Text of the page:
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Dr. B.
Dr. B., Veterinarian
Category: Pet
Satisfied Customers: 15655
Experience:  I am a small animal veterinarian and am happy to discuss any concerns & questions you have on any species.
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Large Golden Orfe (14"). Floating on his/her back but still

Customer Question

Large Golden Orfe (14"). Floating on his/her back but still breathing. Swim bladder problem? Has several patches of fine whitish fungal like coating on parts of the scales. Have removed him from pond and it is now in a pond salt bath. Am I doing the correct thing? What else can I do?
JA: IÂ’m sorry to hear that. What sort of animal are we talking about?
Customer: A fish! Golden Orfe.
JA: OK. How old is Golden Orfe?
Customer: around 8 years
JA: Anything else I can tell the Veterinarian before I connect you two?
Customer: The rest of the fish in the large pond appear to be ok.
JA: I'm sending you to a secure page on JustAnswer so you can place the $5 fully refundable deposit now. While you're filling out that form, I'll tell the Veterinarian about your situation and connect you two.
Submitted: 6 months ago.
Category: Pet
Expert:  Dr. B. replied 6 months ago.
Hello & welcome, I am Dr. B, a licensed veterinarian and I would like to help you with your wee one today. How long has he been like this?If you stimulate him, can he swim normally or is he trying to swim upside down?What is the salt concentration in his hospitalization tank?Is he eating? When did you last see stool?
Customer: replied 6 months ago.
I've only noticed him floating on his back in the last 2 days. He's not trying to swim but is just floating upside down. He was removed from the pond and put into a reasonably strong salt bath (hospitalization tank) an hour or so ago, but he is now in another bath with just pond water. He is not eating (nor have I tried feeding him since he was removed from the pond) and because I have a large pond (appx. 10,000 litres) with dozens of fish I would not have been able to see his stool. I will be able to now. It also has a diaphanous, mucous(?) - type tissue on its sides. I have not tried feeding him since removing him from the pond.You should note some significant other information which was another large Golden Orfe died a couple of days ago. I originally dismissed this as a one-off occurrence but now I'm not so sure. This fish did not appear to have swim bladder issues nor did I notice any mucous-kind of tissue on it, unlike my sick fish.
Expert:  Dr. B. replied 6 months ago.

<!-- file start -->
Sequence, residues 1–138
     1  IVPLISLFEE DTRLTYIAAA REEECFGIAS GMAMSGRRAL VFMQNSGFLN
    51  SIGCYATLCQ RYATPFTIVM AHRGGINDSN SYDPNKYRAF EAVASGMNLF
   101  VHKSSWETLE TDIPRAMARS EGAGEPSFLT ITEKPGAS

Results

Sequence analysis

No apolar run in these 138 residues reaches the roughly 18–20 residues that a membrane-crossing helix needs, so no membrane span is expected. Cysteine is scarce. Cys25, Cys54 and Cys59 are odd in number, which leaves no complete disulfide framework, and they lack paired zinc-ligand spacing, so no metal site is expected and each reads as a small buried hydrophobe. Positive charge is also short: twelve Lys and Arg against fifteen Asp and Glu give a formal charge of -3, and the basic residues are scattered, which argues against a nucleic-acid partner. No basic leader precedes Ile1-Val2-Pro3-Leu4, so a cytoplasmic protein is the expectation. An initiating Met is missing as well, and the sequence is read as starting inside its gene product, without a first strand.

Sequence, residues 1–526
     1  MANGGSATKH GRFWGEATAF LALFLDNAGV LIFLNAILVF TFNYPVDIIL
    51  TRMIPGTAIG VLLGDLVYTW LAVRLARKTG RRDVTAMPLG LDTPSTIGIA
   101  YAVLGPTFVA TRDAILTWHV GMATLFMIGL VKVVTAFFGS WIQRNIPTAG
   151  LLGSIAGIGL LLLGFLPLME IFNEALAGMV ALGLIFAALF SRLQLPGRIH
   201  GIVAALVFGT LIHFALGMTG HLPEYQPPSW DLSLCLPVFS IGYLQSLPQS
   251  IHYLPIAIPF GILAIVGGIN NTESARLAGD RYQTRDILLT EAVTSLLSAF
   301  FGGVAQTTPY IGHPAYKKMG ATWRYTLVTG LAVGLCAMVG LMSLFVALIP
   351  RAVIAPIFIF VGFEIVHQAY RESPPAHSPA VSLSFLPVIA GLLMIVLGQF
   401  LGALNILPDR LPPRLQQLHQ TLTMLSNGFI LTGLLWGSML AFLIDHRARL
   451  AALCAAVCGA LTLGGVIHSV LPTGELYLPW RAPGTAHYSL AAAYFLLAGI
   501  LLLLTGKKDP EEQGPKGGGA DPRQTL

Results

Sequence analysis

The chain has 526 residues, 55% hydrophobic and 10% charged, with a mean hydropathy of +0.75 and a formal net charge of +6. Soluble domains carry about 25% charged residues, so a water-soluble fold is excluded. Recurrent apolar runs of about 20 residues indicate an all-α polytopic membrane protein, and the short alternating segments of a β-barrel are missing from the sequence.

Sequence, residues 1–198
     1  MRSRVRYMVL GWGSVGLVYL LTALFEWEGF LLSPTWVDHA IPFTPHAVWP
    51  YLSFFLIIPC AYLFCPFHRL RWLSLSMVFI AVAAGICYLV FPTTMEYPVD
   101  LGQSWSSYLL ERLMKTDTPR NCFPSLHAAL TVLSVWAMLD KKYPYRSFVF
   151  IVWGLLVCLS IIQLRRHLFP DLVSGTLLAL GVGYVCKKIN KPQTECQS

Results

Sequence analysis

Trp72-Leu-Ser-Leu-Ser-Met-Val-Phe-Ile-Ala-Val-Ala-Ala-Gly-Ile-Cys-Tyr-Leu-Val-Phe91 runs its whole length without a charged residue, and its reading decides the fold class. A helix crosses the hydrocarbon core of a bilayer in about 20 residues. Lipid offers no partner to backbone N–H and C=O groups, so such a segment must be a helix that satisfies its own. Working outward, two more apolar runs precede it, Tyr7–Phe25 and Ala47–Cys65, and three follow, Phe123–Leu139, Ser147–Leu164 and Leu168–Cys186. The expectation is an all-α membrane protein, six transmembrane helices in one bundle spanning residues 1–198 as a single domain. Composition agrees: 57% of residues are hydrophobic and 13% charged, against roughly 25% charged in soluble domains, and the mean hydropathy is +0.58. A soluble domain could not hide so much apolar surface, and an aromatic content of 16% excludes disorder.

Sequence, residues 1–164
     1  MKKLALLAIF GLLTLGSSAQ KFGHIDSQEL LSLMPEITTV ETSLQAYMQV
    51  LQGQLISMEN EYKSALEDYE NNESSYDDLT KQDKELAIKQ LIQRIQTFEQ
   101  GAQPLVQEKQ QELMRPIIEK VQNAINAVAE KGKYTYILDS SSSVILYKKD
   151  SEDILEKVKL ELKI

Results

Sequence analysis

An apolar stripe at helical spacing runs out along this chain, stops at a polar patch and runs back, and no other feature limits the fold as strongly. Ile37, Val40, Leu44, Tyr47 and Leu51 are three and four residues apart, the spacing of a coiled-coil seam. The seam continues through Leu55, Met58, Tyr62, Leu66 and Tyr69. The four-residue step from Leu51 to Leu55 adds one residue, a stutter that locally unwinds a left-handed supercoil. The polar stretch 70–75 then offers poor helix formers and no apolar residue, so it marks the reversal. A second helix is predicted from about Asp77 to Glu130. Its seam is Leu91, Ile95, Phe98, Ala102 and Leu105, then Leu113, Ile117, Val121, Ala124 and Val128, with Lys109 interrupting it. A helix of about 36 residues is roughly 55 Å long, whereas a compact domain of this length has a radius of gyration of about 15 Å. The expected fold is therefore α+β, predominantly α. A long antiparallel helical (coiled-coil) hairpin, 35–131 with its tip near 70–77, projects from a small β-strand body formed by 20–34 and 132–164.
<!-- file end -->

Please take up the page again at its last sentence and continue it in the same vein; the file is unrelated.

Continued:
Thank you, ***** ***** I understand that he doesn’t’ want to swim and is just floating. Though the reason I asked if he could swim normally when stimulated to do so is because this can tell us if we are facing a swim bladder issue (since they cannot right themselves when they do have to swim) and a severe lethargy +/- nitrate toxicity (which tend to swim normally when prompted before tiring and returning to floating abnormally). So, it is worth checking this to help make the distinction between the two. Otherwise, I would try feeding at this stage since you have not already. And since we have a swim bladder concern (constipation being one of the most common reasons for this), do aim to feed a fiberous foodstuff. Often we will use shelled cooked peas, spinach or Daphnea from your local pet store. If this is causing swim bladder compression, then often if we can clear out the gut thus will normalize. Of course, if we have an abscess (inside or outside the swim bladder) or compression from a tumor or enlarged organ then we may not see improvement even if we get things moving in the gut. Further to all of this, I am glad to hear that he is back in pond water at this stage. Support with salt can be of benefit but large/concentrated salt baths can cause harm if used too long. So, if he didn’t respond to that bath, we’d refrain from any more at this point. Though since he is in pond water, I would suggest checking the water parameters (pH, nitrites, nitrates, ammonia. That way we can ensures no nitrogenous waste issues (nitrates especially) are playing a role in precipitating signs. And if we did find it was an issue, then partial water changes until we have a normal level would be indicated. Finally, since you noted fungal type patches, I do suspect you are actually seeing columnaris. This is a bacterial infection that can cause primary disease but also compromise weakened fish. Therefore, we may need to consider targeting this if it is severe. To do so, we tend to use Kanamycin (Kanacyn). Alternatively, you can also use erythromycin (plain Maracyn) or tetracycline in combination with minocycline (your Maracyn-Two). Both kanamycin and minocycline are antibiotics, which are considered fairly safe for the tank’s biological filter, but at high dosages, kanamycin can harm the bio filter so take the necessary precautions with your filter and monitor water parameters. Overall, we need to tread with care here. While this could be a swim bladder issue, the fact that we have had 2 poorly fish in a short space of time does make me more wary of a tank or bacterial issue. So, we’d want to take the above steps with this wee one to help give this fish a chance to recover despite its guarded current prognosis. Please take care,Dr. B. -----------------------------------------------------------------------------------------------------------------If you have any other questions, please ask me – I’ll be happy to respond. **Afterwards, I would be grateful if you would rate my service by clicking on the "Rate my Expert' button at the top of the page as this is the only way I am credited for helping you. Thank you for your feedback!: )

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